Many of the web applications we use nowadays are really complex and may deserve some special treatment such as… a dedicated browser window maybe. Why not? The idea of Site Specific Browsers is conquering more and more fans. Most of us can easily name at least 3 such applications used daily. GMail? Facebook? Flickr? Basecamp? TeamCity?
Yes, yes! And TeamCity too.
Some of us (those in the Apple camp) have been using TeamCity in a separate browser via Fluid for quite some time.
Fluid lets you easily create single-site browsers. It’s really cool. Makes you see the applications you thought you knew well in a different light
To make TeamCity look natively nice in Mac OS dock, we’ve created a high-res TeamCity logo to serve as a Fluid application icon.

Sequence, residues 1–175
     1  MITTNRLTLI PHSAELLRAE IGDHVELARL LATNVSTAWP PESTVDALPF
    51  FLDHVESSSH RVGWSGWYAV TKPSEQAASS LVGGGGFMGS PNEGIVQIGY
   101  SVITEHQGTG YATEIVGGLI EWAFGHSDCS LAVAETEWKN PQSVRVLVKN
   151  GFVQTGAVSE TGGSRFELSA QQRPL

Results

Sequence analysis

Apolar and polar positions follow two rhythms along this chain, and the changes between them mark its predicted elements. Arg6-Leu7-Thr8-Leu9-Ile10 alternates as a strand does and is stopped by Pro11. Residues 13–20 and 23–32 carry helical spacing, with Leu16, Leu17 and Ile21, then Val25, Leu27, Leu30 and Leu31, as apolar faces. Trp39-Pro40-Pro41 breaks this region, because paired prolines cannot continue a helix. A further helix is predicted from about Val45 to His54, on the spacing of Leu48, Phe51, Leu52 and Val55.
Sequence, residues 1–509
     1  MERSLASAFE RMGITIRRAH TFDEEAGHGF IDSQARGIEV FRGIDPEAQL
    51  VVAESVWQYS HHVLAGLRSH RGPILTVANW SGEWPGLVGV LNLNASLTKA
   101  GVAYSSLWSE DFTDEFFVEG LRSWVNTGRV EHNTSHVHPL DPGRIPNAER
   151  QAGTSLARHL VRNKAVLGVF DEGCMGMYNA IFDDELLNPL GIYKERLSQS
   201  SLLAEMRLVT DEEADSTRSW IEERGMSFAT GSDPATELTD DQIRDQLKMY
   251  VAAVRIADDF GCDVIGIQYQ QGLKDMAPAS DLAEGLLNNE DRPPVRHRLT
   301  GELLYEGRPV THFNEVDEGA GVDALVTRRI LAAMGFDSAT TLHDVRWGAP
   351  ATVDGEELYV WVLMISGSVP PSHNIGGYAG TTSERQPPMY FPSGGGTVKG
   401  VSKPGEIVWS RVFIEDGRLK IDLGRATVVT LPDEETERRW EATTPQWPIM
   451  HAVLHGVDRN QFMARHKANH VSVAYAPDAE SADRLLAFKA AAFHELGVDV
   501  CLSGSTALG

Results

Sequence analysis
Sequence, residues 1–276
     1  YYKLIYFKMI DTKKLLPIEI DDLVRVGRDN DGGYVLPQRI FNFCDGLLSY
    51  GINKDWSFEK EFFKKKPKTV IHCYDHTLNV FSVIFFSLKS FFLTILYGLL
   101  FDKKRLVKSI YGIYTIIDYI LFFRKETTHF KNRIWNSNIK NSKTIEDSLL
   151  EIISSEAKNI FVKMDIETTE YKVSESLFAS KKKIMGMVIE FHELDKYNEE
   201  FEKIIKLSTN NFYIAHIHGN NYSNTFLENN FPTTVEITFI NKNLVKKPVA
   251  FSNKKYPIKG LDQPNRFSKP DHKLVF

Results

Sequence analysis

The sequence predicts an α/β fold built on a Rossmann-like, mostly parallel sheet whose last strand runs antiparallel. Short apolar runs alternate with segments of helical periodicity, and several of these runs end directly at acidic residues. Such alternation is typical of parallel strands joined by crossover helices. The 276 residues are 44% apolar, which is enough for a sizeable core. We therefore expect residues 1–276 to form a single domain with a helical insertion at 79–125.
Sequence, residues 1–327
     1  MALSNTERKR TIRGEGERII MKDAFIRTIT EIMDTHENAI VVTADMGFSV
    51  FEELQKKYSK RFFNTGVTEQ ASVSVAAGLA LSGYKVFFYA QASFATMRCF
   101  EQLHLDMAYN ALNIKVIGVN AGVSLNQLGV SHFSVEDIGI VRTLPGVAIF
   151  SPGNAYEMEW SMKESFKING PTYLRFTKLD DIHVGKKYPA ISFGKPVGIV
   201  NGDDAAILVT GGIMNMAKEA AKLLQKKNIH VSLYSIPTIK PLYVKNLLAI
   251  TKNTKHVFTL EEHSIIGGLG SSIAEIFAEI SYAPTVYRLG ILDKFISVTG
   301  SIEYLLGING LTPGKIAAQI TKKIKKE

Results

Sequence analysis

There is also a nice Growl Notifier plugin for even better integration. The red badge that Fluid can show on the dock icon can be of some use too. Ideas anyone?
But, hey! Now Windows users can also create such site-specific applications. The answer is Google Chrome! No doubt, you have it installed by now We have too.
Since the latest TeamCity 4 EAP build every page provides all the info Google Chrome needs to create an “application shortcut”.
Choose the page you work with most often, e.g. a project page or a build configuration and create an application shortcut for it.
Thinking about all this a little further, it would be nice to tell the system to open certain URLs in specific applications. Based not only on the URL protocol, but also on domain-specific rules, so that clicking a http://mybuildserver:8888/* link would bring up the right Chrome application.
Is this doable now, in your opinion?